Panel by ECPS & SZABIST University: Populism and Electoral Politics Around the World

Autonomous community of Madrid elections in Spain on May 05, 2021. Photo: Sangiao Photography.

Date/Time: Friday, November 17, 2023 – 10:00-12:20 (CET)


This panel is jointly organized by The European Center for Populism Studies (ECPS) and SZABIST University.


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Dr. Fizza Batool (Assistant Professor, SZABIST University, Karachi)


“The Radical Right and the Radical Left in Anno 2023: What Does Populism Got To Do With It?” by Dr. Andrej Zaslove  (Associate Professor – Empirical Political Science, Radboud University.) 

“Psychological Roots of Populist Voting,” by Dr. Bert N. Bakker (Associate Professor, University of Amsterdam). 

The Psychological Appeal of Populism,” by Dr. Jennifer Sheehy-Skeffington (Associate Professor of Social Psychology, London School of Economics and Political Science)

“Electoral Populism in Pakistan and India,” by Dr. Farhan Hanif Siddiqui (Associate Professor, QAU).

“Populist Strategies of Erdogan in 2022 Elections,” by Dr. Salim Cevik (Associate at the Centre for Applied Turkey Studies (CATS), SWP, Germany). 


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Abstract and Brief Biographies

Dr. Fizza Batool is an academic and policy researcher with a particular interest in Comparative Politics, Comparative Democratization, Peace Studies and Populism. She is currently an Assistant Professor (Social Sciences) at SZABIST University, Karachi. Previously, she worked for over a decade in the research and development sector where she served in important managerial positions. Her works have been published in some prestigious research journals like South Asia: Journal of South Asian Studies, Pakistan Horizon etc. She is currently authoring a book on Populism in Pakistan, scheduled to be published in 2024 by Palgrave Macmillan. She also contributes to English dailies in Pakistan and international research magazines such as South Asian Voices. She was one of the 2020 SAV Visiting Fellows at Stimson Center, DC.

The Radical Right and the Radical Left in Anno 2023: What Does Populism Got to Do with It?

Abstract: Populist radical right and populist radical left parties are stable members of party systems in Western Europe. The rise of the populist radical right can be traced back to the 1990s, while the transformation of left-wing parties into populist radical left parties is more recent. This presentation will discuss the recent electoral success of left and right-wing populist parties. It will discuss some of the more recent changing features of these radical parties, discussing the extent to which, for example, the populist radical right has expanded it issue base. And it will assess the role of populism, for the parties and for their voters, discussing the manner in which populism remains important for the parties in question.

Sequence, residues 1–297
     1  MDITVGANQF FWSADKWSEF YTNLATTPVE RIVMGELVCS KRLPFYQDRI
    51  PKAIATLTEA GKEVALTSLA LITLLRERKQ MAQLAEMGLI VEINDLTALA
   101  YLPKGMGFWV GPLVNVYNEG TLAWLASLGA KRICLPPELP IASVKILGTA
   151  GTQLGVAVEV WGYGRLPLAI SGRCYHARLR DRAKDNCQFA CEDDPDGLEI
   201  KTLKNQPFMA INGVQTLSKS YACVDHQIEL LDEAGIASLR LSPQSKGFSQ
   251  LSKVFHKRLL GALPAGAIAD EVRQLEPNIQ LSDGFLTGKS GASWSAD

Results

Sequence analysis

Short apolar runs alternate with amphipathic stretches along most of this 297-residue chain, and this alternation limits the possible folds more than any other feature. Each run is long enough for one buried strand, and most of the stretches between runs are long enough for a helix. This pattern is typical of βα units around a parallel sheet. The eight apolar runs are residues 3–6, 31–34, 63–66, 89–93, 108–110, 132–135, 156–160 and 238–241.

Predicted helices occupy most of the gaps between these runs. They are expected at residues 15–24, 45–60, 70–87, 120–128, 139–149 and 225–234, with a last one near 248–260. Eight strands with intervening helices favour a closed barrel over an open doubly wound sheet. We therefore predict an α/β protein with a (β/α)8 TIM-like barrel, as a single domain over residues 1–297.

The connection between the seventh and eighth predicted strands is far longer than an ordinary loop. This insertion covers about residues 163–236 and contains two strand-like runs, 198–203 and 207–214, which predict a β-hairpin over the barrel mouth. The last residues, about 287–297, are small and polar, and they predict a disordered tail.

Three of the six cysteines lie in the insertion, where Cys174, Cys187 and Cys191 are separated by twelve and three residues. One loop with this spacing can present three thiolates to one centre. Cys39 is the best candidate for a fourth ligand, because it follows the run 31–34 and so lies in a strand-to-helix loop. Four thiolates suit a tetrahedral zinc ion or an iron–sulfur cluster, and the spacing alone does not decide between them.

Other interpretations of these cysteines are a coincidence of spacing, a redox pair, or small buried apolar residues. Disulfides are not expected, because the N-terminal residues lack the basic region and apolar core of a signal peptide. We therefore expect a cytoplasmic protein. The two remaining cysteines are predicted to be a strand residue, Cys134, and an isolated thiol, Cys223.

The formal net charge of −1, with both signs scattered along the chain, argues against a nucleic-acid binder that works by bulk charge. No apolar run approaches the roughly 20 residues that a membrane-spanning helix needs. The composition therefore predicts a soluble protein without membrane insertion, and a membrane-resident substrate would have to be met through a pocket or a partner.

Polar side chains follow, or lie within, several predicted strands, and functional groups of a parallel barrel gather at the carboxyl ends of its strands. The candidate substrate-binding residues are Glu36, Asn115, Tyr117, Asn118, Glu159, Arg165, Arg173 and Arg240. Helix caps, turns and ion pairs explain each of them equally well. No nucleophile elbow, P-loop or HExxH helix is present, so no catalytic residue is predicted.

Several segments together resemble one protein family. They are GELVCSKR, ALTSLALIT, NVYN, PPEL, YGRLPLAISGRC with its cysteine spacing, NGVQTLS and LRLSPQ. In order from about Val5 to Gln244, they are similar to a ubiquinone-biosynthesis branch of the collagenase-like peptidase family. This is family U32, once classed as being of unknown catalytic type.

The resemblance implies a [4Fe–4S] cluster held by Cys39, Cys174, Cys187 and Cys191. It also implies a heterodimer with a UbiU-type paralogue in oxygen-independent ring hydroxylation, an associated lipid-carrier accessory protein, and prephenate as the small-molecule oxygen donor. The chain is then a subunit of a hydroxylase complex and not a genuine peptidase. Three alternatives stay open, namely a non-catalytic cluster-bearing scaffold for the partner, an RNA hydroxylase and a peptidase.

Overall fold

Dr. Andrej Zaslove is an Associate Professor of Empirical Political Science at Radboud University. He conducts research into populism and political parties. He measures populist attitudes among voters and political parties and examines the links between populism and democracy, foreign policy and gender. He also examines the impact of populism on party systems.  

Psychological Roots of Populist Voting

Dr. Bert N. Bakker is an Associate Professor at the Amsterdam School of Communication Research (University of Amsterdam). His work focuses on contemporary issues social polarization and populism. In particular, he studies the psychological roots of citizens’ political beliefs with the most attention to the role of personality and emotions. His work has appeared in journals such as Nature Human BehaviourJournal of Communicationthe American Political Science Review and the Journal of Politics. He also serves as an Associate Editor at the Journal of Experimental Political Science. He is the co-founder of the Hot Politics Lab – a lab-group studying the role of emotions and personality in politics. He is also the founder and co-organizer of the Dutch Political Psychology Meetings which are held twice a year at the University of Amsterdam.

The Psychological Appeal of Populism

Dr. Jennifer Sheehy-Skeffington is currently a Visiting Associate Professor in Psychology at New York University Abu Dhabi. She is also an Associate Professor in the Department of Psychological & Behavioral Science at the London School of Economics, a Faculty Affiliate of the LSE International Inequalities Institute, and an Associate Editor at the European Journal of Social Psychology and the British Journal of Psychology. Jennifer’s research examines (1) the consequences of material and social adversity on cognitive performance, self-regulation, affect, and decision-making, and (2) the psychological underpinnings of political attitudes such as egalitarianism and support for populist platforms. In drawing out the social and policy implications of her research, Jennifer has worked with the British Psychological Society, the UNDP, the World Bank, the Joseph Rowntree Foundation, and the Indus Health Network, Pakistan.

Electoral Populism in India and Pakistan